XML stands for extensible markup language; it is a text based language that uses tags to describe structured data including other markup languages. This basically means that it is only as complex as the data (or language) you are describing. HTML is also text based language that uses tags but HTML is not XML, because HTML is designed to define how data looks rather than its structure.
A good working knowledge of XML is a very important skill for an application developer because it is the standard way of transferring information between applications within a company or between companies.
The fact that it is text based means that applications developed in any languages can understand it and it can be passed over almost any network including the internet.
It is also used in configuration files. Its widespread use means that there are a lot of XML resources on the internet and it has a lot of associated technologies including XPath, XSLT, Web Services and SOAP.
The objectives of this module are not only to learn enough about XML to allow you to use it effectively but also be confident with Document Type Definitions and XSLT and also give you an introduction to Schemas and XPath.
What is XML?
We briefly explained what XML is in the introduction but, although correct, that was a bit of a high level definition. We now know that discrete blocks of XML are called documents.
Documents can be stored more or less anywhere but are often stored in files. A file can only contain a single XML document.
Uses of xml
XML has many uses. The fact that it is text based and describes data means that XML documents are commonly used to transfer data between different system or different tiers of a single system, either with one organisation or between different ones.
The reason that XML is used in this is because it doesn't matter what language the two systems are written in, any language can read and write text.Other common uses of XML are: 1. Application Log Files. 2. Configuration Files. 3. Storing documents that need to be presented in different formats, For example an XML document could have a style sheet applied that transforms it into either a web page, a MS Word document or a PDF document.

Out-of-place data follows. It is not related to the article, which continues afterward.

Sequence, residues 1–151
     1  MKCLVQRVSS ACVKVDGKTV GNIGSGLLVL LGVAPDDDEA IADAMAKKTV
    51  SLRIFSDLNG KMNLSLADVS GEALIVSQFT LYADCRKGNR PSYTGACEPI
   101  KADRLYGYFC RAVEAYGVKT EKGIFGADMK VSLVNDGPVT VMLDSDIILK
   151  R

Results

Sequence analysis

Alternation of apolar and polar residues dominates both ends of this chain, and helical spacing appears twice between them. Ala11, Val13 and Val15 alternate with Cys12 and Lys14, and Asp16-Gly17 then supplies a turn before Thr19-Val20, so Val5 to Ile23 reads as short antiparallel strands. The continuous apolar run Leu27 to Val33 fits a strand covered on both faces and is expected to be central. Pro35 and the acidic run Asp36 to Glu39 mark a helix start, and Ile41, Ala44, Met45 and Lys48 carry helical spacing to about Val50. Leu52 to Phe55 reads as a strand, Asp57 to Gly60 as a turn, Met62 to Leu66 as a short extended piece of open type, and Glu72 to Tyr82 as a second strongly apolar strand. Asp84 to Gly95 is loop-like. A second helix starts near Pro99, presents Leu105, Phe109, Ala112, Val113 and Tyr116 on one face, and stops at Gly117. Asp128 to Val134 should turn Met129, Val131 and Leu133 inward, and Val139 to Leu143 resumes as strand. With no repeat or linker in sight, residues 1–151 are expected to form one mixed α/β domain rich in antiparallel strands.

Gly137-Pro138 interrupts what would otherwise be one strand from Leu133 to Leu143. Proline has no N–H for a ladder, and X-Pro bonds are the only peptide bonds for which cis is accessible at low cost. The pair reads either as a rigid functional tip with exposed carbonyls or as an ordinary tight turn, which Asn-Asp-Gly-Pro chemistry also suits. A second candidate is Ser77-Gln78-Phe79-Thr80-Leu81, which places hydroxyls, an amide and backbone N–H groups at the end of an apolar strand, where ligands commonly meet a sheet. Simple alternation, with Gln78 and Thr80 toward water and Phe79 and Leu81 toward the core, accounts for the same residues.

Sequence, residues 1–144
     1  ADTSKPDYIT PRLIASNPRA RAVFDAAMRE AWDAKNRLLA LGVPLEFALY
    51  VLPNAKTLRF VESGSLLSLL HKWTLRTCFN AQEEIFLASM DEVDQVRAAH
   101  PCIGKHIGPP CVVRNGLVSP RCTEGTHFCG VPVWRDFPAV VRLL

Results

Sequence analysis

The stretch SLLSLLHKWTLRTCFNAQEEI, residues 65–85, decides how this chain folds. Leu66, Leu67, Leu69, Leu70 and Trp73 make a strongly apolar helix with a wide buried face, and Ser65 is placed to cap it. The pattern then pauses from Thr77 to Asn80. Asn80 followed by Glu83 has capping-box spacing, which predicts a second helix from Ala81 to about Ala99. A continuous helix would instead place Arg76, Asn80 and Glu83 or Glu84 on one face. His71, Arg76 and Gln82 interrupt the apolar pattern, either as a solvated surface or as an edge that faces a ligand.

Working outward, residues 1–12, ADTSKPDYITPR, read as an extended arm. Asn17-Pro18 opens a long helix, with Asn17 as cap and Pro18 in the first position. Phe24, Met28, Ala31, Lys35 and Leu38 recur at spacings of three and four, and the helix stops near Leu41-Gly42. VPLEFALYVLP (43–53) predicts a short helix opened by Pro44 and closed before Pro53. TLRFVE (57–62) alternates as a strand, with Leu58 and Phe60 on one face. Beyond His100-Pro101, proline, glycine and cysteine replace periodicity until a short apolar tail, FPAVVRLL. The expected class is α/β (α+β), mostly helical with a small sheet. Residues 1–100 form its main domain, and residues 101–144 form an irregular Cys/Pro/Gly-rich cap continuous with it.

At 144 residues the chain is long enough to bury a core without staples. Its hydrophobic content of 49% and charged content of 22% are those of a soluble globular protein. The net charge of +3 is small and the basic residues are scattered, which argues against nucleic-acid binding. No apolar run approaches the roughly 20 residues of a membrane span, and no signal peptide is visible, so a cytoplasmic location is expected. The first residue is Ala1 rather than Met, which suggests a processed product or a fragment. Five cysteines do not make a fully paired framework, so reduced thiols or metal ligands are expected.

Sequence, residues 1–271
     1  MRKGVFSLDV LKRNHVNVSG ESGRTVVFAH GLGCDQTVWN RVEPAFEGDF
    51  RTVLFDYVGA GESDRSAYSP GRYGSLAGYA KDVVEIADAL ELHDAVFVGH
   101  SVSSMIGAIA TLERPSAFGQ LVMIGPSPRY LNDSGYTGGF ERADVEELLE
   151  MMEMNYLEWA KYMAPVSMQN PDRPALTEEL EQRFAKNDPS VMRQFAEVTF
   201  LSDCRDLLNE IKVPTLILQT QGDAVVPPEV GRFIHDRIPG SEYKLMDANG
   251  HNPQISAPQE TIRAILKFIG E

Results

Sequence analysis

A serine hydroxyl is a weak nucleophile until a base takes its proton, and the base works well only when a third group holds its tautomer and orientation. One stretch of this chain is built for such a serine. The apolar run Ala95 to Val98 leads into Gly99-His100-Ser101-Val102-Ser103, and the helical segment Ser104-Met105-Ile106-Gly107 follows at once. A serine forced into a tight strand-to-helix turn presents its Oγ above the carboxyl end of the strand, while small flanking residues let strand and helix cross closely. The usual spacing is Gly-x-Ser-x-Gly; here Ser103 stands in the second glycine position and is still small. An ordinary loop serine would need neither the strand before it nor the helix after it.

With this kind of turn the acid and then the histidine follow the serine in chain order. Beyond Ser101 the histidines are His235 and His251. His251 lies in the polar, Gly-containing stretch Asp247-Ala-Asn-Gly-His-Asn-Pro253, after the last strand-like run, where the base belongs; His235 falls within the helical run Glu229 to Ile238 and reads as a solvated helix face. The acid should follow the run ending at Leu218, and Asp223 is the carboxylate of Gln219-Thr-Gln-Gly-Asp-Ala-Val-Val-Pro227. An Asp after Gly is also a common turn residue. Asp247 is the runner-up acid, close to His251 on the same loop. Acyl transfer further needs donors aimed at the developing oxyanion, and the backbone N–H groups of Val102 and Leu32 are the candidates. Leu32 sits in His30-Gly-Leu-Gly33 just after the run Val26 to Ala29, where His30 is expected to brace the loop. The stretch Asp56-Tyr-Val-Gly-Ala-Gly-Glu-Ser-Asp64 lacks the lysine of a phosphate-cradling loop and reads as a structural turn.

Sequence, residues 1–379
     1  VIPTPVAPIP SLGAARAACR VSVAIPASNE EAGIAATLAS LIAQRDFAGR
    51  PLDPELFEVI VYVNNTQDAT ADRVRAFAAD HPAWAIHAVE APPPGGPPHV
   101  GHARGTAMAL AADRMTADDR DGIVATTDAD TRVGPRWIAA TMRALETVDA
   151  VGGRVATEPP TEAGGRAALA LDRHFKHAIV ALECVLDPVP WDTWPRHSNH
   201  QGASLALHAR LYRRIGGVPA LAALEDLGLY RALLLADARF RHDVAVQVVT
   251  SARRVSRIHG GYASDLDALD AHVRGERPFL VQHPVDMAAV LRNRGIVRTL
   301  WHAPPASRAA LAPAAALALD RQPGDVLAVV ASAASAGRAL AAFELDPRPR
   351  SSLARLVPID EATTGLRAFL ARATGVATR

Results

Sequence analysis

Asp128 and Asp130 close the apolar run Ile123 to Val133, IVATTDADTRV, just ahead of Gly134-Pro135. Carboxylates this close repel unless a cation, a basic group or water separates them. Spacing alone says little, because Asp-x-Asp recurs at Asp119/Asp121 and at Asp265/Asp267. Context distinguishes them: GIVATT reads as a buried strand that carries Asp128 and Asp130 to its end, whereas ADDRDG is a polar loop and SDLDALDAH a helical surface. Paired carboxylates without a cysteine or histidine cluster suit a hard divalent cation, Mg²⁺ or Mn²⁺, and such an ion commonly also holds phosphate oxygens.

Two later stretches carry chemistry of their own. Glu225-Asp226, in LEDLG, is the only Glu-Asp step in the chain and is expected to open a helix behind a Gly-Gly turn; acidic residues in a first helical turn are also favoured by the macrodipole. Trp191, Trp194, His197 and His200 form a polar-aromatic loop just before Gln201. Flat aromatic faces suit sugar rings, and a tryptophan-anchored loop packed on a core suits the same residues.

There is a root element that acts as the parent of all other elements in XML. Check the syntax below;
<root> <child> <subchild>.....</subchild> </child> </root>
Now that we know what it is and what it is used for lets get on with learning the syntax.
Because XML is so flexible and you define the structure yourself it is important to be able to check that your document is well formed and valid. Another important part of XML Syntax are namespaces. It is often useful to merge two or more XML documents together and namespaces provide a means to identify which elements came from each document and prevent name conflicts.
<?xml version="1.0" encoding="UTF-8"?> <note> <to>May</to> <from>Jackson</from> <heading>Greetings</heading> <body>How are you? Please learn about XML</body> </note>
DTD (Document Type Definition)
This section explains how XML documents are ensured to be valid. XML describes the structure of data, DTDs provide a means to ensure that XML documents are valid and contain exactly the data it should do. XML documents contain elements, attributes and entities.
<!DOCTYPE note [ <!ELEMENT note (to,from,heading,body)> <!ELEMENT to (#PCDATA)> <!ELEMENT from (#PCDATA)> <!ELEMENT heading (#PCDATA)> <!ELEMENT body (#PCDATA)> ]>
This section explains schemas. It is envisaged that schemas will replace DTDs. Schemas are actually XML documents that are used to validate other XML documents, but they are are more powerful and even allow some validation of the data.
However DTDs are still more widely used than Schemas so for now just remember what they are.
This section explains XML transformations.
Just like any data, once you have got it you usually need to manipulate it.
The structured nature of XML means that it is possible to manipulate it without loading the data into Java objects. This process is known as transformation and uses a technology called XSL. XSL stands for extensible stylesheet language and is made up of three sub-technologies.
1. XSLT - XSL Transformations are used to transform XML documents. 2. XPath - XPath is a languaged used to navigate XML documents. We'll cover XPath in the next section. 3. XSLFO - XSL Formatting Objects are used to apply formatting to XML documents. We will not be covering XSLFO in this module.
Using these technologies you can create new text based documents in any format (not just XML) that are made up of some or all of the data in your original XML document. The objective being to transform the data into a format understandable by your application or even ready for presentation to the user of your application. A common use of XSL is to transform XML documents into HTML documents.
This section explains XPath.
XPath is a fundamental part of XSL and is used to find and navigate data within your XML documents.
XPath is basically a set of expressions and functions (not tags) that you can use within the attributes of your XSL tags.
XSLT - EXtensible Stylesheet Language Now that you have an overview of the XSL technologies you need to get down to the nitty-gritty of XSLT.
XSLT is the cornerstone of XSL. It uses elements (tags) to provide common programming constructs like loops and condition tests. But XSL relies on XPath to provide functions and a way to reference data.
XML is an important skill for any developer to have in today's market and when you look beneath the surface there is quite a lot to it. Of course there is more you could learn about XML and its associated technologies but, although this isn't the biggest module we have covered everything you need to know. In the future Java modules we will cover how to integrate XML into your applications.